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NSW short stay curbs labelled “draconian” – and too soft

One industry body has slated as “draconian” the NSW plans for short stay reform which last week drew widespread sector support – while another says they don’t go far enough.

Trevor Rawsley, chief executive of the Australian Resident Accommodation managers’ Association (ARAMA), says NSW’s reforms are the result of a “hysterical backlash” to issues around unregulated party houses, and are trying to appease too many special interest groups.

While he supports government moves to register short stay properties and advocates new licencing for rental agents to help eliminate cowboy operators, Rawnsley is vehemently opposed to the 180-day cap on the nights a property can be rented through Airbnb.

“NSW has ended up with a set of recommended policies which are quite draconian if you believe in the free market,” he said.

“Overall they’re an attempt to control something which is out of control, but there are different ways to go about it. There is a limit of 180 nights in the Sydney CBD and the possibility of even greater restriction in rural areas. That’s draconian because if you’re an investor owner, it cuts your ability to get a dollar return by 50 percent.”

The NSW government put its short-term rental accommodation discussion paper out for public consultation last week, saying the policy “seeks to enable local economies to continue to benefit from the STRA (short term rental accommodation industry), while protecting communities from anti-social behaviour such as increased noise for neighbours”. That consultation period will run until September 11.

Greg Channer, managing director of the Illawarra’s award-winning Emerald + Aqua holiday home network, says he welcomes the release of the draft legislation, but argues its proposed code of conduct for operators does not go far enough in addressing issues around party houses.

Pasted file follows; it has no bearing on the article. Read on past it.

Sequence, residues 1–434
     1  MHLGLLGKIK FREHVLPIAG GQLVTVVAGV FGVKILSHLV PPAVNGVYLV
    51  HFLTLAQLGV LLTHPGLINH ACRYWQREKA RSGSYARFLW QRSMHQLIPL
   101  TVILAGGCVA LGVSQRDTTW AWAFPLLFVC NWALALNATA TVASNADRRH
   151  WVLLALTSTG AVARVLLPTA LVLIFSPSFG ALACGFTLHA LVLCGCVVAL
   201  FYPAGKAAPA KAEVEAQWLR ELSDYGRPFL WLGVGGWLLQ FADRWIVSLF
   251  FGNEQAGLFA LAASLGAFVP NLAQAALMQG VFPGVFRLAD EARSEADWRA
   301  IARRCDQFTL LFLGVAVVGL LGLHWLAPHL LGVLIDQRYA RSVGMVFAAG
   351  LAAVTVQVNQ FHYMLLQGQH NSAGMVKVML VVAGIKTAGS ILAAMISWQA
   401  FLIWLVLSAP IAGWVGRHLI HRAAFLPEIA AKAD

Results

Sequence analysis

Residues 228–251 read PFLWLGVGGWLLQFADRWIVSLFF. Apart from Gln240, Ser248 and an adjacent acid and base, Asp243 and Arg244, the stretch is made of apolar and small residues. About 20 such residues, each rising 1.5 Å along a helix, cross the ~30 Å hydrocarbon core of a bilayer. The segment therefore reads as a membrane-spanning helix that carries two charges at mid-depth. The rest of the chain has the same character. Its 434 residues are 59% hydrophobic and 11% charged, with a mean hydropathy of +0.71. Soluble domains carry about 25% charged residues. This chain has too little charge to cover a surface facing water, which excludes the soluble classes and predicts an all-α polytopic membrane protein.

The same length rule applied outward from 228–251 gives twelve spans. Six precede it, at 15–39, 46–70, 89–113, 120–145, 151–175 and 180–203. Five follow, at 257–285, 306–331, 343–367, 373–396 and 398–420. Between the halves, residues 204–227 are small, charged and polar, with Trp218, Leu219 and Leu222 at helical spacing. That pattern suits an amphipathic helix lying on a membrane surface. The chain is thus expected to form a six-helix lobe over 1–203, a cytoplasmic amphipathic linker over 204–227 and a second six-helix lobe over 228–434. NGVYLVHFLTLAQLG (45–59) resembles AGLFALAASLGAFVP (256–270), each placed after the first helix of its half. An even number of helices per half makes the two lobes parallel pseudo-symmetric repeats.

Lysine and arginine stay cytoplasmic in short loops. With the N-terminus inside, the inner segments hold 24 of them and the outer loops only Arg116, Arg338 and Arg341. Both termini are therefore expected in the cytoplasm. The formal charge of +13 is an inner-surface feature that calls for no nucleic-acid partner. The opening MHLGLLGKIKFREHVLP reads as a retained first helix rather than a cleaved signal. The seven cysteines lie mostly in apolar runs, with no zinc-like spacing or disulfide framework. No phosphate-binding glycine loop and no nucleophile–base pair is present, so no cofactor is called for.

“Short term rental accommodation is a key driver of tourism in rural and regional NSW and clearly the impacts on residents’ amenity resulting from inconsiderate or anti-social behaviour by some short-term rental guests needs to be addressed,” he said.

“The industry is being held accountable for poor guests’ behaviour, its these few guests and the culture of party houses that needs addressing. 

“The current draft code does not go far enough to protect the amenity of neighbours and residents.

“Booking platforms need to take a greater responsibility for unreasonable disturbance, remove ‘Instant Booking’ features and ensure property managers speak with each guest prior to accepting their booking request and qualify the reason and nature of their stay.”.

Trevor Rawnsely is on the same page when it comes to what he calls “carpark cowboy” agents. 

He said: “If the NSW reforms included licencing as a key component, every operator involved in tourism accommodation deemed to be a commercial operator would need to be educated, need to pay the appropriate fee, need to account for monies in a trust account and get those accounts audited.

“If that were to happen, you would find there would be a lot less cowboys and it would go some way towards appeasing Tourism Accommodation Australia and the Accommodation Association of Australia because there would be compliance requirements. There should be licencing of the owner, and registration of the premises.” 

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